A few years ago, the author of an autobiographical essay I was planning to publish in The American Scholar — a very fine writer — died suddenly. The writer had no immediate relatives, so I asked his longtime editor at The New Yorker if he would read the edited piece, hoping he might be able to guess which of my minor changes the writer would have been likely to accept and which he would have disliked. Certainly, said the editor. Two days later, he sent the piece back to me with comments on my edits and some additional editing of his own. “My suggestions are all small sentence tweaks,” he wrote. “I could hear ——— ’s voice in my head as I did them and I’m pretty sure they would have met with his approval — most of them, anyway.” Some examples: “A man who looked unmusical” became “a man so seemingly unmusical.” “They made a swift escape to their different homes” became “They scattered swiftly to their various homes.” “I felt that that solidity had been fostered by his profession” became “That solidity, I felt, had been fostered by his profession.” These were, indeed, only small tweaks, but their precision filled me with awe. Of course you couldn’t look unmusical. Of course it was awkward to use “escape” (singular) with “homes” (plural). Of course I should have caught “that that.” I faxed the piece to my entire staff because editors rarely get a chance to see the work of other editors; we see only its results. This was like having a front-row seat at the Editing Olympics.
Five days later, the editor sent the piece back to us, covered with a second round of marginalia. “No doubt this is more than you bargained for,” he wrote. “It’s just that when the more noticeable imperfections have been taken care of, smaller ones come into view . . . I’ve even edited some of my own edits — e.g., on page 25, where I’ve changed ‘dour,’ which I inserted in the last go-round, to ‘glowering.’ This is because ‘dour’ is too much like ‘pinched,’ which I’m also suggesting.” If you’re not a writer, this sort of compulsiveness may seem well nigh pathological. You may even be thinking, “What’s the difference?” But if you are a writer, you’ll realize what a gift the editor gave his old friend. Had not a word been changed, the essay would still have been excellent. Each of these “tweaks” — there were perhaps a hundred, none more earthshaking than the ones I’ve quoted — made it a little better, and their aggregate effect was to transform an excellent essay into a superb one.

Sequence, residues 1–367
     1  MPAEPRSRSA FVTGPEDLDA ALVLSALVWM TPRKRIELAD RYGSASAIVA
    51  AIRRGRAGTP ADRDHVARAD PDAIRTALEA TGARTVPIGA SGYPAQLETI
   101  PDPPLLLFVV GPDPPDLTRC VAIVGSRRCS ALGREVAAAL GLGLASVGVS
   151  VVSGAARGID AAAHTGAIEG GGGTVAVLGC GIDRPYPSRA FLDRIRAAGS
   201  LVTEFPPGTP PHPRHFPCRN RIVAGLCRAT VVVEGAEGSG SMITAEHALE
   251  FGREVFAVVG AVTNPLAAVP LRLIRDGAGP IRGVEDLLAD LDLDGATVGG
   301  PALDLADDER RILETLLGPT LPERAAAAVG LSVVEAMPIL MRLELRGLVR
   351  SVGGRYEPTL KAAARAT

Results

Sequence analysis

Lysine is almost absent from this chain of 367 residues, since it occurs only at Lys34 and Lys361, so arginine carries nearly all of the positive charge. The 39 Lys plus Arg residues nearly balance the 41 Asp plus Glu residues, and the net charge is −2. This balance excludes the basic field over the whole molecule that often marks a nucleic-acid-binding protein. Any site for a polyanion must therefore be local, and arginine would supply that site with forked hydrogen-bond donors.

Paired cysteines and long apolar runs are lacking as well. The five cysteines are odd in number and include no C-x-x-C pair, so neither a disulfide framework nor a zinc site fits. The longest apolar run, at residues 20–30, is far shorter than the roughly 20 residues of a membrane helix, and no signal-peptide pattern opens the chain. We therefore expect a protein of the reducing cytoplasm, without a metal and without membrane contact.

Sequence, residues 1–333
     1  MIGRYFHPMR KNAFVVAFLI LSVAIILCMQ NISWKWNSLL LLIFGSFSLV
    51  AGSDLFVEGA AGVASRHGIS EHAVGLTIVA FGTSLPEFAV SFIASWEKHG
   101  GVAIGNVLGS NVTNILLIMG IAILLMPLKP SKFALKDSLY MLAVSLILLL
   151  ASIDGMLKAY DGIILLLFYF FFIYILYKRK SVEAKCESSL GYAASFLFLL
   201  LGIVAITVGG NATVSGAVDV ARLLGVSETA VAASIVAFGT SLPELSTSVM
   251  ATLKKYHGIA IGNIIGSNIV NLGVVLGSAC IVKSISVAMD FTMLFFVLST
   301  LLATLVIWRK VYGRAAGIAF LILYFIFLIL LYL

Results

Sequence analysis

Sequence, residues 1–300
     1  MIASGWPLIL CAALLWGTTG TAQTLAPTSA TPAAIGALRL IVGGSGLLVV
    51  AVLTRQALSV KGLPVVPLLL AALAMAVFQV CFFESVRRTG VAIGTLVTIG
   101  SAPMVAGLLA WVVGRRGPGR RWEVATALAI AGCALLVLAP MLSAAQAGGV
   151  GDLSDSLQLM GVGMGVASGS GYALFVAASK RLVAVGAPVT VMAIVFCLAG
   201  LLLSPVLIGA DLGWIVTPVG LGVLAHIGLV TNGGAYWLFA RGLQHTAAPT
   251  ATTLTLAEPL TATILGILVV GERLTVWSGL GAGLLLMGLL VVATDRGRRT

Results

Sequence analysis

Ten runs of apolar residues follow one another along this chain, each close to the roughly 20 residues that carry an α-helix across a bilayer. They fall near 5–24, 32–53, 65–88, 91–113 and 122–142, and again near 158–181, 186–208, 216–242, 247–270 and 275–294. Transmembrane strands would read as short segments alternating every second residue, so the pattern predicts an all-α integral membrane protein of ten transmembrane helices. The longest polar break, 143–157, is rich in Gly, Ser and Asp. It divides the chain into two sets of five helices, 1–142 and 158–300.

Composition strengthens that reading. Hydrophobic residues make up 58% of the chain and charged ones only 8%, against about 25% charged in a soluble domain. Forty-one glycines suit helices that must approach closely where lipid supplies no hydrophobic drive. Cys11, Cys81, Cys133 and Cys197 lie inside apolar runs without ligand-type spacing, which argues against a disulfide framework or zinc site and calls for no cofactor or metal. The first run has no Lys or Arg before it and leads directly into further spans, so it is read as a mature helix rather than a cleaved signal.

Now, back to The Best American Essays. (The writer Emily Fox Gordon once told me that narratives are like expressways — once you’re on, you have to keep going — but essays let you get on and off your main subject whenever you want.) One of the rules of the series is that although typos, factual errors, and grammatical mistakes may be corrected, nothing may be rewritten. It upset me that so many intelligent and deeply felt essays ended up not (quite) being admitted into these pages because they were occasionally clumsy or wordy or repetitive — because, in other words, they needed the kind of editing I’ve just described. Most of those essays had appeared in small quarterlies that could never lavish the sort of care a large, solvent, glossy magazine can afford. “It’s not fair!” I said to my husband, who had read many of these essays alongside me. “This series should be renamed The Best-Edited American Essays!” Was it unfair? Was it like running a beauty contest in which most of the winners had had collagen injections?
No. Most of the candidates from The New Yorker and Harper’s were — I hate to admit it — just plain better. I have no idea how extensively they had been edited before I saw them. Some of their authors had doubtless polished their own sentences to a high gloss, and others, no less talented, had left that final step to editors graced with more anally retentive personalities.
Wouldn’t Montaigne, the champion of the itinerant, risk-taking, tentative essaie, have voted for the scruffy underdogs?
Probably. But these were supposed to be the best American essays. I had to judge them on merit. And, as an editor, I had to think of my profession not as a guilty secret but as part of a proud collaboration: 95 percent writing, 5 percent editing. If you don’t get that 5 percent, you’re not as good as you could be. Or as good as you deserve to be.
At first there were three piles: YES, NO, AND MAYBE. After a while, I divided MAYBE into HIGH MAYBE, LOW MAYBE, and PROBABLY. Then I subdivided PROBABLY into PROBABLY PLUS and PROBABLY MINUS. My husband shook his head. I knew that nothing below probably plus had a chance, but there were some essays to which I had grown so attached that I needed to honor them in some way even if their authors would never know.